|NIAID Scientists Identify New Cellular Receptor for HIV
A cellular protein that helps guide immune cells to the gut has
been newly identified as a target of HIV when the virus begins
its assault on the body's immune system, according to researchers
from the National Institute of Allergy and Infectious Diseases
(NIAID), part of the National Institutes of Health (NIH).
"The identification of this new receptor opens up new
avenues of investigation that may help further elucidate the complex
mechanisms of the pathogenesis of HIV infection" says NIAID
Director Anthony S. Fauci, M.D., chief of the Institute's
Laboratory of Immunoregulation (LIR) and senior author of the new
Several other immune cell receptors bind to HIV. Most important
among these, the CD4 molecule, identified as an HIV receptor in
1984, functions as the principal receptor for HIV. The CCR5 and
CXCR4 molecules, discovered in 1996, serve as co-receptors that
HIV uses to enter its target cells. In the new study, which appears
online Feb. 10, 2008 in Nature Immunology, NIAID scientists
identify a cell adhesion molecule known as integrin alpha 4 beta
7 as another potentially important
receptor for HIV.
Early in the course of HIV infection, the virus rapidly invades
and replicates in gut-associated lymphoid tissue (GALT), the immune
cells of the gut. Once seeded with HIV, the gut is rapidly depleted
of CD4+ T cells, the main target of HIV, triggering the process
that ultimately leads to AIDS.
"In the very early days of infection, it is in the GALT
where most of the damage caused by HIV occurs," says Elena
Martinelli, Ph.D., a lead author of the paper and a fellow in Dr.
Fauci's laboratory. "The gut is where the virus really
takes hold. We found that integrin alpha 4 beta 7, whose natural
function is to direct T cells to the GALT, is also a receptor for
HIV. It is very unlikely that this is a coincidence."
Dr. Martinelli, along with Claudia Cicala, Ph.D., James Arthos,
Ph.D., and their colleagues found that the gp120 protein, part
of the HIV envelope, binds to integrin alpha 4 beta 7 on CD4+ T
cells, which promotes the formation of a stable junction, or synapse,
between neighboring cells.
"A synapse is a junction that allows two cells to adhere
in a stable way," says Dr. Arthos. "Many viruses have
found a way to trick cells into forming these stable junctions.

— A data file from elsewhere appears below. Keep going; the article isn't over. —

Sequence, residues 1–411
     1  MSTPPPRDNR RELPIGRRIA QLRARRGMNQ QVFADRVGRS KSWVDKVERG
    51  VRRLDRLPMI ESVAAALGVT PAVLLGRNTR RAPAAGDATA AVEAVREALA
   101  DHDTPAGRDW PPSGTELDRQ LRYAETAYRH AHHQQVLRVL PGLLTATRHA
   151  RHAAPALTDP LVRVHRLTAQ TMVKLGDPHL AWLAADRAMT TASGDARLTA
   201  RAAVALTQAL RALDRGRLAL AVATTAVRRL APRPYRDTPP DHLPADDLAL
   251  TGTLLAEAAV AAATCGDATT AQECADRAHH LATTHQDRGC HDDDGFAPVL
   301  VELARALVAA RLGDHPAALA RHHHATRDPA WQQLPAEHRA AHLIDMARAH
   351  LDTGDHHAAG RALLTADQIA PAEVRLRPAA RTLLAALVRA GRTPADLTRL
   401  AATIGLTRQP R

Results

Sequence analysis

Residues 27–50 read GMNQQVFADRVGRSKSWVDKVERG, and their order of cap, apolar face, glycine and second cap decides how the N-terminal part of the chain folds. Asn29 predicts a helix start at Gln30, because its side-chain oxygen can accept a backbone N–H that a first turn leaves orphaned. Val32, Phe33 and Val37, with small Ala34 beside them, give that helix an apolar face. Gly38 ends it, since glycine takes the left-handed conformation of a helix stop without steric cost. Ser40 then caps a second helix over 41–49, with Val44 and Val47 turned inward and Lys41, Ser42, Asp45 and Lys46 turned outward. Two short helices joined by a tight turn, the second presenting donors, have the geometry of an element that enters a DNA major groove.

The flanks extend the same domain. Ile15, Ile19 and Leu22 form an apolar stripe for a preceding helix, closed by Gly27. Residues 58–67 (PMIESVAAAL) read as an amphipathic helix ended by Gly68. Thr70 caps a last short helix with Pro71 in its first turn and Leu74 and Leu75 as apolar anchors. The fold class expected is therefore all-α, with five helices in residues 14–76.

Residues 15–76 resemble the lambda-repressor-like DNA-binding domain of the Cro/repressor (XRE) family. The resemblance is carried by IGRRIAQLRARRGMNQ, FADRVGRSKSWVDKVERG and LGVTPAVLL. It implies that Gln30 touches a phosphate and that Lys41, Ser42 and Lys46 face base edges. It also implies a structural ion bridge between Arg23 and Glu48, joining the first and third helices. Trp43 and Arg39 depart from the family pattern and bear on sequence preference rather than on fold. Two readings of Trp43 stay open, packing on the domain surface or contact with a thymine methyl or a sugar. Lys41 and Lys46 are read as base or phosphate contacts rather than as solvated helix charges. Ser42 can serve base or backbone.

Now it appears that HIV can also trigger synapse formation."
Specifically, a short piece of the HIV gp120 protein in a region
known as the V2 loop recognizes the alpha 4 chain of the integrin
molecule on host cells. This stretch of the V2 loop is similar
to part of the naturally occurring molecules that bind integrin
alpha 4 beta 7. Thus, it appears that HIV is mimicking the natural
molecular partners, or ligands, that normally bind to the receptor.
The authors note, however, that some HIV isolates react more strongly
to integrin alpha 4 beta 7 than others.
"The ability of a particular virus to bind to integrin alpha
4 beta 7 may determine whether it will have a major impact in targeting
the gut lymphoid tissue," says Dr. Fauci. "This finding
could be a significant determinant in the pathogenic mechanisms
that lead to AIDS."
As part of the natural homing process, integrin alpha 4 beta 7
binds to its natural ligands and activates a protein known as LFA-1.
According to Dr. Arthos, HIV can co-opt this process by mimicking
the cells' alpha 4 beta 7 receptor natural ligands. When
HIV gp120 protein binds to the alpha 4 beta 7 receptor it
facilitates the formation of a synapse. Thus, HIV tricks an infected
cell into binding to an uninfected cell, enabling HIV to readily
gain access to the uninfected cell.
"While this study provides important new information concerning
the various mechanisms by which HIV debilitates the human immune
system, it also raises new questions and challenges that our laboratory
and others will pursue," notes Dr. Cicala.
For more information on HIV/AIDS, see http://www3.niaid.nih.gov/healthscience/healthtopics/HIVAIDS/overview.htm.
NIAID is a component of the National Institutes of Health. NIAID
supports basic and applied research to prevent, diagnose and treat
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infections, influenza, tuberculosis, malaria and illness from potential
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diseases, asthma and allergies.
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J Arthos et al. HIV-1 envelope protein binds to and signals through integrin alpha 4 beta 7, the gut mucosal homing receptor for peripheral T cells. Nature Immunology DOI: 10.1038/ni1566 (2008).